Lobbying involves persuading legislators and other top shots in government to get legislation passed. The following CareerStint article explains the job description and salary of a lobbyist.
Under IRS regulations, “lobbying” can be defined as a strategy to use communication in order to bring a pending or proposed legislation into effect. In accordance with the IRS, the activities of an organization under lobbying can fall into two rules. The first rule considers the insubstantial activities of the organization, while the second rule looks into the expenditure limit of the activities.
A career as lobbyist is not easy-going, certainly not for those who are overtly conscious about the social implications of one’s profession. To be a successful lobbyist, an individual needs to master the art of persuasion and possess the ability to convince, at times, mildly connive. It is a career that requires extensive networking and building of contacts. It also requires an individual to develop an excellent rapport with important individuals, like those at public relation firms. In this CareerStint article, you will read about a lobbyist’s salary details as well as his job description.
- A candidate aspiring to become a lobbyist must, as mentioned above, possess persuasive capabilities.
- He should be skilled at extensive research and to an extent, proficient in the use of IT.
- He should possess excellent analytical, interpersonal, and communication skills.
- He should be ready to work for long hours with deadlines under enormous amount of stress.
- He needs to be proactive and have infectious enthusiasm.
- He should have a good sense of judgment and should be highly diplomatic.
- He should know the art of cultivating strong relationships and maintaining them, at the same time, he should be aware of when to remain discreet.
- There are no particular licensing requirements; however, all lobbyists are required to register with the state and federal governments.
- To register, the candidate needs to fill out the registration form and submit it to the authorized association within a stipulated period.
- Academically, one need not possess a high educational qualification to work as a lobbyist.
- That said, many people aspiring for a career in this field have a background in law, politics, or public relations, though no college degree is mandatory for the same.
- If you do want a degree or certification, choose subjects and specializations related to government, politics, law, public administration, business, public relations, management, languages, sociology, etc.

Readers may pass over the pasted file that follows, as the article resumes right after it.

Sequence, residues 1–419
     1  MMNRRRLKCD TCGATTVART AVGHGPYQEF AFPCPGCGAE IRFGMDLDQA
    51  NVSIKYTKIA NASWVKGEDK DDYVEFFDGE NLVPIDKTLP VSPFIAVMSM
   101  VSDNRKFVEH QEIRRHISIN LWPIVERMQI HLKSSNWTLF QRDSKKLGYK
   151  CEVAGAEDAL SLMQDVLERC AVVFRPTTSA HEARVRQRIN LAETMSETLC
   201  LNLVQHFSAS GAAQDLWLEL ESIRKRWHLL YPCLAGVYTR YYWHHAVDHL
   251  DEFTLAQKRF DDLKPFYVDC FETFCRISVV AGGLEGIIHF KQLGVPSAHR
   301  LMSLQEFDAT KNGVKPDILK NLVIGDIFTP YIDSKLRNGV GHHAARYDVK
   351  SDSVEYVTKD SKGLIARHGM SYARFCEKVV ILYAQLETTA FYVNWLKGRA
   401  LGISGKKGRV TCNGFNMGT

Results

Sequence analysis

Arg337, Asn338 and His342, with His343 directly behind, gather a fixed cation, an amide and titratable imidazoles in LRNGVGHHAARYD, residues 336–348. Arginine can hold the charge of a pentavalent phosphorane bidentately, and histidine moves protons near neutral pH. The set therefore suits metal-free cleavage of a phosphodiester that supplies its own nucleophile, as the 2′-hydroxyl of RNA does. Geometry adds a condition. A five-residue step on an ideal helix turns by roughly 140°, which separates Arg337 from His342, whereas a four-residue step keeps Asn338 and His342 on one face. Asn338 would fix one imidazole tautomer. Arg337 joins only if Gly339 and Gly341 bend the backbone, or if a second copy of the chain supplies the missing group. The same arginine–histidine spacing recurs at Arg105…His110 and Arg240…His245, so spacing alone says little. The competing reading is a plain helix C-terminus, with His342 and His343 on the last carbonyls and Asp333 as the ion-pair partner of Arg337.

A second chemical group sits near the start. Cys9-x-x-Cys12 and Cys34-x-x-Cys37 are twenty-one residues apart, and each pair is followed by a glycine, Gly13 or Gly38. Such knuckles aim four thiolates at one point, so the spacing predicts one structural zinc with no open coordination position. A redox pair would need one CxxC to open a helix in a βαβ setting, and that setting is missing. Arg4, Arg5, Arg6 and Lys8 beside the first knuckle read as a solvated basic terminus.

- What is important is that one has to start at the bottom and gain experience.
- Many entrants begin their career by writing articles for newspapers/magazines, some start assisting politicians and government officers.
- Many begin their career in public relations, some join independent consultancies or communication companies.
- After gaining sufficient experience, you can start working for top companies and the government. Remember that you need to work your way to the top using your communication and persuasive skills.
A good lobbyist should:
- Possess in-depth knowledge about the interest of his client/s.
- Offer advice and plan strategies.
- Prepare press releases, pamphlets, and other reports.
- Organize regular meetings.
- Schedule committee hearings.
- Represent the organization at local and national meetings.
- Establish contacts with the right people.
- Confer with the heads and other members of the legislature and expound his/her client’s interests.
- Persuade members to be supportive of his client’s ideas.
- Inform the client about the latest developments in their field.
- Influence members regarding the strengths and weaknesses of the bills to be passed.
- Communicate with relevant politicians and civil servants.
- Represent the client at press conferences.
- Conduct media conferences to explicitly state the client’s views and ideas.
- Co-ordinate meetings between the legislature members and other officials.
- Testify at proceedings to garner public support.
- Persuade the top officials to pass necessary legislation.
- Respond to client inquiries.
- Discuss new proposals for the legislature and help take the required legal actions.
- Research and analyze the legislation.
- This industry offers a lot of job opportunities, especially in some of the largest American cities, like Washington D.C., Los Angeles, New York, etc.
- Though mostly preferred by the political system and the government, people working in this field also have a career in related fields like advertising, mass media, and public relations.
- In addition, the fields of health care, oil, environment, and education also actively seek lobbying services.
- According to the Bureau of Labor Statistics, this field is expected to see a rise of about 18% by 2016.
Source: Indeed.com as of August 30, 2014. Figures are in US Dollars.
A career in lobbying calls for tremendous people skills and diplomacy. In the field of politics, especially, lobbyists play a very important role. Besides, there are environmental, health care, and oil industry lobbyists as well, who work to pass legislation in favor of that particular sector. Remember that you need to be adept at persuasion to rise up the ranks in this career. Once you gain sufficient experience, you might even be able to start your own independent consultancy or public relations firm. All the best!